Wednesday, April 14, 2010

So When We Can Get Some of That Global Warming?

OK, so I'm looking out the window, watching it snow like crazy. We got two inches last night, and it's still coming down. Could this be the dreaded Fimbul Winter? In Norse mythology, the end of the world, also known as Ragnarok, would be heralded by three winters without any summers, where the snow comes from all directions. There will be wars, and brother will kill brother, until even the gods meet their doom.

Hmm, the Saints did win the Super Bowl. This could be it. Better run the checklist.

Let's see, snow from all directions, check. Let me turn on CNN; lots of wars, check. Brother will kill brother: well, mine's in Florida and there's no way he could get a flight up here in this weather. Whew! Guess it's not the end of the world after all.

Looks like it's just April in Alaska...

Not a tremendous amount of beer news up here this week; most of the local brewers are working their equipment as fast as they can to brew up the mass quantities of beer they're going to need for the tourists this summer. At least we all hope that a lot of beer will be needed; I guess if we don't have any tourists, we'll have plenty of beer to drown our collective sorrows in.

The 2010 World Beer Cup Awards have been announced. This year, 642 breweries from 44 countries and 47 U.S. states vied for awards with 3,351 beers entered in 90 beer style categories. The entries in each category were eligible for gold, silver and bronze awards. Judges presented a total of 268 awards. As usual, Alaska did well, with our brewers taking home three medals.

In Category 19, Aged Beer, Alaskan Brewing Company's Alaskan Smoked Porter 1998 took gold. There were twenty beers entered in this category. In Category 50, Other Belgian-style Ale, Sleeping Lady's Frozen Kriek took silver. There were 35 entries in that category. Finally, in Category 68, Barley Wine-style Ale, Alaskan Brewing's Alaskan Barleywine 2009 took bronze, with 58 entries. Considering we were competing against the entire world, this is a great showing for Alaska.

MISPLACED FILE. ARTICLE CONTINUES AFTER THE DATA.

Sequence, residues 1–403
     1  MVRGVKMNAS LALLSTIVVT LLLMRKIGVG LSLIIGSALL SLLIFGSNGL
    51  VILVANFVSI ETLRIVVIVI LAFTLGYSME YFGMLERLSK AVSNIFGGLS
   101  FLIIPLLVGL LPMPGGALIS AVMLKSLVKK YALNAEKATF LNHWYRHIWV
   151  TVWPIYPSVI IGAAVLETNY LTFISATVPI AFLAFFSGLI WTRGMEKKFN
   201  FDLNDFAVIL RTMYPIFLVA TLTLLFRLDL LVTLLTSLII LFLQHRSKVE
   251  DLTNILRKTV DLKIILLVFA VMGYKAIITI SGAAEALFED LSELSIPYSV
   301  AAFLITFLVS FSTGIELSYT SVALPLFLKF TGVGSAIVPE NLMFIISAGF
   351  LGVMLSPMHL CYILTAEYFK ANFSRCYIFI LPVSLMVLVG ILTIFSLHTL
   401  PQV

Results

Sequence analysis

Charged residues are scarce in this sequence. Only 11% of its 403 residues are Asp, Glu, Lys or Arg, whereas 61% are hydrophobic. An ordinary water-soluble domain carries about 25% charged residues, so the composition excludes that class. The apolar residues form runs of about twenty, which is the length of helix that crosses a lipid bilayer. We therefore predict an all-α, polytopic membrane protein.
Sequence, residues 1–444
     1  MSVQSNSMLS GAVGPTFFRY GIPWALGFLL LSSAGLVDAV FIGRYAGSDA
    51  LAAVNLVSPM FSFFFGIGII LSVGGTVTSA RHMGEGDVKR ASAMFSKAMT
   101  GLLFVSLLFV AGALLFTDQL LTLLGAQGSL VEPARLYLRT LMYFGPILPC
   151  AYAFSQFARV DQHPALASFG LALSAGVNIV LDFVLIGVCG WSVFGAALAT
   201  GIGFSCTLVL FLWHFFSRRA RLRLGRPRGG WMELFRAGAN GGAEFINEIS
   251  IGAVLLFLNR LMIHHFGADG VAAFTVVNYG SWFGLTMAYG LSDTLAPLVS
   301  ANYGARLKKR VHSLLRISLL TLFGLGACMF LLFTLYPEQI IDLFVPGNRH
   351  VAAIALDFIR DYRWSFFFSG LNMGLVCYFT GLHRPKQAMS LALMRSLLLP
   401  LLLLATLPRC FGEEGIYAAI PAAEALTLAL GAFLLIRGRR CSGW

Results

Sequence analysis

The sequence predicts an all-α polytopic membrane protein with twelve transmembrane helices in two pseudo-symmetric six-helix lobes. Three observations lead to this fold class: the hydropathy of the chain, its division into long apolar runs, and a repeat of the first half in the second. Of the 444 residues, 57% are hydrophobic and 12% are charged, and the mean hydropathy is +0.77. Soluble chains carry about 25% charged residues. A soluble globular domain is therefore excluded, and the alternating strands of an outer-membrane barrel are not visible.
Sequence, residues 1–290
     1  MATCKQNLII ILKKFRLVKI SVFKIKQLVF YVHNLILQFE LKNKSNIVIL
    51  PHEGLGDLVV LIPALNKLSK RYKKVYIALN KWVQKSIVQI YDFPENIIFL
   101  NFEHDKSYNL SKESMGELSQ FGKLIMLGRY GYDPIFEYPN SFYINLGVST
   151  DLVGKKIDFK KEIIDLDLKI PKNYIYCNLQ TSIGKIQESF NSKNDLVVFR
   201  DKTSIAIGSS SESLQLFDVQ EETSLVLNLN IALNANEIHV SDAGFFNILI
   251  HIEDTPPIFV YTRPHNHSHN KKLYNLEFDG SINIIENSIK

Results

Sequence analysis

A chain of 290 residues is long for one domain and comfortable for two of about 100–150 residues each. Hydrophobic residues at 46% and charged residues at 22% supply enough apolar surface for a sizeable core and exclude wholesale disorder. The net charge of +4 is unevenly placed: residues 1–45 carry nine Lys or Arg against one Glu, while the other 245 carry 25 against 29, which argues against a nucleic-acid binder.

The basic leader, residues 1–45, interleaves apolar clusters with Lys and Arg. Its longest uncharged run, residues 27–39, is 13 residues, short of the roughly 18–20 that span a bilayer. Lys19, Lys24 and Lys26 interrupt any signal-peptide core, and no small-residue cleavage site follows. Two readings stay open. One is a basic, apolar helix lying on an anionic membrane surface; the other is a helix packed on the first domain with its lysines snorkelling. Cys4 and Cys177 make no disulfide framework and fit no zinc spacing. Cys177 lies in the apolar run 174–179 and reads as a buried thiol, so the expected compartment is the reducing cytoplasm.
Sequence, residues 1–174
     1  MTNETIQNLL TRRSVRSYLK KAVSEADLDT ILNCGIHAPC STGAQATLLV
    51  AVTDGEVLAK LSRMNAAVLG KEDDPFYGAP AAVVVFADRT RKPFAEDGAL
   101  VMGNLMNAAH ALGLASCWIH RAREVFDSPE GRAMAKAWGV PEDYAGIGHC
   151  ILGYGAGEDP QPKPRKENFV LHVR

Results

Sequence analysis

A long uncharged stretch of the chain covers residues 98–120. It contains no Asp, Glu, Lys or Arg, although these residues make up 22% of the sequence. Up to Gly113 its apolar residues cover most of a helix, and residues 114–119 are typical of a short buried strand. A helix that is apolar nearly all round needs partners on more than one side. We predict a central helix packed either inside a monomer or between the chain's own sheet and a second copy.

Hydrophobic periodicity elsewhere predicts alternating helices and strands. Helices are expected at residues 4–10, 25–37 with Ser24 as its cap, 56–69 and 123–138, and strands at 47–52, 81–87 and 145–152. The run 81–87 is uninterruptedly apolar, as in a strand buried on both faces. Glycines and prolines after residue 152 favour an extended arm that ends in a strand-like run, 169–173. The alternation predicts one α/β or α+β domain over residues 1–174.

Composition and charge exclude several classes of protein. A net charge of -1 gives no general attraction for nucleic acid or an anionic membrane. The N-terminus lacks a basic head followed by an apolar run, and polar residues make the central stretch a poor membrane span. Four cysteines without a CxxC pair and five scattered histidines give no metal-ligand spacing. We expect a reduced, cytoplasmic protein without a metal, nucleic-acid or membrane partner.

Over the weekend I did get around to having some of the Oskar Blues beers I picked up at SAV-U-MOR last week. On Saturday Elaine and I went over to a party at my boss's home. I thought that Mama's Little Yella Pils would be pretty approachable for most folks, so I brought a six-pack. It poured very nice from the can, bright gold with two fingers of nice white head. Moving on to aroma, there's not a whole lot. Nothing like the bright hoppy notes you'd look for from a Czech pilsner. Some malt, but nothing special. On the palate, it's more of the same. Mostly malt, in the style of a German pilsner, but no snap or spark. Very drinkable, but not at all challenging. At 5.3% ABV and 35 IBUs, this is the craft beer you offer your friends who don't drink craft beer so as not to scare them off. Easily the least impressive of any of the beers I've had from Oskar Blues. Not bad, just not special.

Moving on to the Ten-FIDY Imperial Stout, we confront an entirely different animal. I tried one last night, and it poured black as midnight into a glass, producing a one finger head that was also very dark, almost purple rather than tan. The aroma is full of chocolate and roast malts, and the mouthfeel is heavy and rich, like drinking ice cream. The tremendous maltiness is well-balanced by massive hops additions (98 IBUs), and the finish just seems to go on and on. At 10.5% ABV, this beer puts the Imperial in Russian Imperial Stout. It's an absolutely fantastic interpretation of the style, and one of the top three or four beers in this style available around here. Plus it's packaged in cans, so it would be easy to pack into the back country. This is certainly a beer to savor after a long day's work or play. If you haven't tried it, pick some up now.

Well, that's it for now. I should have more news next week, unless I'm wrong about the whole end-of-the-world thing and the Fenris Wolf breaks free from his bonds to ravage the world of men before slaying Odin...

Until Next Time, Skoal!

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